Murder of two journalists prompts uproar in India

By Abdul Gani

Indian journalists shout slogans during a protest following the killing of journalist Rajdeo Ranjan in Siwan on May 14, 2016.  Gunmen shot dead two journalists in 24 hours in separate incidents in eastern India, police and local reports said May 14, the latest media killing in Asia's deadliest country for reporters. Rajdeo Ranjan, the local bureau chief for Hindi-language daily Hindustan, was travelling on his motorcycle late May 13 in Bihar state when a group of unknown assailants shot him five times. Late on May 12, television journalist Akhilesh Pratap Singh was also shot dead by unknown assailants as he returned home on a motorbike in restive Jharkhand state, which neighbours Bihar, according to local reports.  / AFP / STR
Indian journalists shout slogans during a protest following the killing of journalist Rajdeo Ranjan in Siwan on May 14, 2016. Gunmen shot dead two journalists in 24 hours in separate incidents in eastern India./ AFP / STR

{THE PENINSULA /  GUWAHATI, India}: The recent murder of two journalists in the states of Bihar and Jharkhand has sparked outrage across the country and made India the most dangerous place in Asia for journalists — ahead of Pakistan and Afghanistan — according to Paris-based NGO Reporters without Borders.

According to the Peninsula online newspaper, on Friday, Rajdeo Ranjan, a journalist with over 20 years’ experience and bureau chief of Hindi-language daily “Hindustan”, was shot dead in Bihar State’s Siwan district.

According to India’s NDTV channel, unidentified assailants fired five shots at Ranjan at extremely close range near the Siwan Railway Station, killing him instantly.

One day earlier, 35-year-old Akhilesh Pratap Singh, who had worked for a local television news channel, was similarly killed by unidentified gunmen in Jharkhand State’s Chatra district.

In the days since, members of various Indian press organizations have held demonstrations to demand justice and new legislation guaranteeing protection for media personnel.

“We condemn such attacks… and appeal to the government to take strict action against the culprits,” Nava Thakuria, secretary-general of the Journalist Forum of Assam, a media organization, told Anadolu Agency.

“We demand a special protection law for journalists working across India and call upon the union government in New Delhi to formulate a national action plan to safeguard media persons who pursue critical journalism,” Thakuria said.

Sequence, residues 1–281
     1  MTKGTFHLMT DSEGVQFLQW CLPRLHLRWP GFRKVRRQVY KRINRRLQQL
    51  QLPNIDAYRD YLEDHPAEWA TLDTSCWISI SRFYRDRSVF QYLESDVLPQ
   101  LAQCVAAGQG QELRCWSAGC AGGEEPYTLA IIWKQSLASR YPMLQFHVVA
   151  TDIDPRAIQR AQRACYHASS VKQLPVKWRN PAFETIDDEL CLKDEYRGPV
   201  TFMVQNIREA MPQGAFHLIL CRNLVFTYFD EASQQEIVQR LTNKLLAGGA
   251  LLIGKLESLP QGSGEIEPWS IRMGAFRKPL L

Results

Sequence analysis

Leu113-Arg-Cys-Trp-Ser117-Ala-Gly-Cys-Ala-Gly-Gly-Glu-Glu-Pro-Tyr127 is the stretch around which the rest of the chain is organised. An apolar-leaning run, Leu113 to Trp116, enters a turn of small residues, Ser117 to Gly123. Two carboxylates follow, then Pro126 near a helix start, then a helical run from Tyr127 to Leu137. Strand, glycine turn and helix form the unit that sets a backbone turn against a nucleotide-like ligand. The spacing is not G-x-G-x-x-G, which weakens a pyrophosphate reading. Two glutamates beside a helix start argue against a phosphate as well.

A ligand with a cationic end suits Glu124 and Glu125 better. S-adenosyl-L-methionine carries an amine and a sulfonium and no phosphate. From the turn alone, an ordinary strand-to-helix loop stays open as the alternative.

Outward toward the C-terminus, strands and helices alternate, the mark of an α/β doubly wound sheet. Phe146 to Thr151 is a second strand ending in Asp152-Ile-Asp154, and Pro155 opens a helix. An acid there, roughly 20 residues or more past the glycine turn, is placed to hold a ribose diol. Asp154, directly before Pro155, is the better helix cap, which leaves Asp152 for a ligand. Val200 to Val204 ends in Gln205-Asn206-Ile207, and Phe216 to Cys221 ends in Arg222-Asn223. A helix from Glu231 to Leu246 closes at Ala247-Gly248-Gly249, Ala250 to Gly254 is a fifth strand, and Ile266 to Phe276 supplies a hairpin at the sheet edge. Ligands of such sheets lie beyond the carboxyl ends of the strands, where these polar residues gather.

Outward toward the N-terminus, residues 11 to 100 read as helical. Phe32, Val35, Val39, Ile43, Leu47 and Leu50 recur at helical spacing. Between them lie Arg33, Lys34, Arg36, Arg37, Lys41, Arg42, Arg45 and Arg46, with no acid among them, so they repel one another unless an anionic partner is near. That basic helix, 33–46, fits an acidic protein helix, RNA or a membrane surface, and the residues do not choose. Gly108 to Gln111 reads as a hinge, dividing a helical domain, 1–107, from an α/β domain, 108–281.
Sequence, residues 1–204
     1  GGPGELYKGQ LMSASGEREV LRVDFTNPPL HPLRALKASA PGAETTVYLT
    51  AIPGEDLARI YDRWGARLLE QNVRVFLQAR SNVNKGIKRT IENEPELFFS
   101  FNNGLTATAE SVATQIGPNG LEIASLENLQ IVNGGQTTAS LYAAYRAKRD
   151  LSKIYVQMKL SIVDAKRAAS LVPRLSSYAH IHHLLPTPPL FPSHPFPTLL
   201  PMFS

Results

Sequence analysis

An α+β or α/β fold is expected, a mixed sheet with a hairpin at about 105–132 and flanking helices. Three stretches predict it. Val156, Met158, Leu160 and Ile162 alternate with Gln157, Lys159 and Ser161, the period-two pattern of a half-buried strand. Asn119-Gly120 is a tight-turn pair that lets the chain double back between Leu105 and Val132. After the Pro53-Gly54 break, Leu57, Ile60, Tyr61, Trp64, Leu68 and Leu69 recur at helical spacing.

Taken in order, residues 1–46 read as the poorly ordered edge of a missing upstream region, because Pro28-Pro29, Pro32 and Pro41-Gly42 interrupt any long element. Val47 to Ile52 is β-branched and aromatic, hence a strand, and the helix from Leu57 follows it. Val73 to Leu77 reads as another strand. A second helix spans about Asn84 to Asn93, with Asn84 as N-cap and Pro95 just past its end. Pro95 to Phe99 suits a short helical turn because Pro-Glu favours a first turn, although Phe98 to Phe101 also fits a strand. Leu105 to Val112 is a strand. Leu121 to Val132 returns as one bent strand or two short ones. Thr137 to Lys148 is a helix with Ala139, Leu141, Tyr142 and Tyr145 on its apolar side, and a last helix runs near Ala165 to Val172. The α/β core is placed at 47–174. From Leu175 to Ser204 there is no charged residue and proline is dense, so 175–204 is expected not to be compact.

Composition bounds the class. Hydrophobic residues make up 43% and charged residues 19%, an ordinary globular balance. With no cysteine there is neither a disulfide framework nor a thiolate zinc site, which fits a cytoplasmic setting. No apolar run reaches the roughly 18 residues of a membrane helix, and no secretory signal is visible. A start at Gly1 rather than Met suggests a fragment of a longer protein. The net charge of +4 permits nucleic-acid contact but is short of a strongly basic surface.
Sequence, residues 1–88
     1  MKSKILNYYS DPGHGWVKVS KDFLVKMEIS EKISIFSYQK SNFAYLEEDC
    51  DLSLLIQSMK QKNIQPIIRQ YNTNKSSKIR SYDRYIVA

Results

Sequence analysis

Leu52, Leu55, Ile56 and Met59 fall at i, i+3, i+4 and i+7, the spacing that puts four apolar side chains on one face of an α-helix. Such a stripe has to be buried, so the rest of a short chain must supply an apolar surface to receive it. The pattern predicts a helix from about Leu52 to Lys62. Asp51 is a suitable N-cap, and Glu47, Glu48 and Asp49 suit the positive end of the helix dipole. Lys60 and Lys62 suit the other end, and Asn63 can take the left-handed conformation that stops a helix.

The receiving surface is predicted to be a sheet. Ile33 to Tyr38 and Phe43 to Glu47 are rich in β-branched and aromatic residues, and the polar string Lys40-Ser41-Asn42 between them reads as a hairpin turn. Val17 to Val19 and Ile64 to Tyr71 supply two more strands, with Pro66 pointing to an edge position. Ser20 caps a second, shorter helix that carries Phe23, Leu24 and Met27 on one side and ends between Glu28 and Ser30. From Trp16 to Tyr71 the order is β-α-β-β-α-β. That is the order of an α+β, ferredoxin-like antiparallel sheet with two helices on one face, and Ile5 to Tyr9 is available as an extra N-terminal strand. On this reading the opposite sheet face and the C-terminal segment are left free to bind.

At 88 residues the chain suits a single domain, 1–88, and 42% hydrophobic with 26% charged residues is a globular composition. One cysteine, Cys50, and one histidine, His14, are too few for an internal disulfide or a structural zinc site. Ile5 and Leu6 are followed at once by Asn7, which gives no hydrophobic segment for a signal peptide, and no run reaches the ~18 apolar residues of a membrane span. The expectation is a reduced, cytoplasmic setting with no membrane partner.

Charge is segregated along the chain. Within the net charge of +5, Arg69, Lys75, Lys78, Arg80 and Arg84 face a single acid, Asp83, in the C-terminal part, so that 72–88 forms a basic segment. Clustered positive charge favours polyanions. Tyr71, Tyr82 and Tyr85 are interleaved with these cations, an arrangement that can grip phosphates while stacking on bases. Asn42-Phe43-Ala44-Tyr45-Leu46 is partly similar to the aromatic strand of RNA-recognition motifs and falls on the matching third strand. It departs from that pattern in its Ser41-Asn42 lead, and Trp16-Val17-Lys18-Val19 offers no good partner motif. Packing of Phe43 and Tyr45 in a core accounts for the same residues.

So far this year, three journalists in India have been killed, the first incident having occurred in Uttar Pradesh State on Feb. 13, when Tarun Mishra, 32, who had worked for a Hindi-language daily, was shot dead.

According to the New York-based Committee to Protect Journalists, a total of 38 journalists have been killed in India since 1992, prompting Reporters without Borders to designate it the world’s sixth deadliest country for journalists.

“I urge the government… to enact a special law for the protection of journalists and speedy trials in cases of attacks and assaults on them in special fast-track courts,” CK Prasad, head of the Press Council of India and a former Supreme Court judge, was quoted as saying by the Press Trust of India news agency.

Finance Minister Arun Jaitley, for his part, who is also responsible for the government’s Information and Broadcasting portfolio, likewise condemned the recent spate of killings and has demanded an independent investigation. READ MORE OF THIS STORY

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About Cholo Brooks 14321 Articles
Joel Cholo Brooks is a Liberian journalist who previously worked for several international news outlets including the BBC African Service. He is the CEO of the Global News Network which publishes two local weeklies, The Star and The GNN-Liberia Newspapers. He is a member of the Press Union Of Liberia (PUL) since 1986, and several other international organizations of journalists, and is currently contributing to the South Africa Broadcasting Corporation as Liberia Correspondent.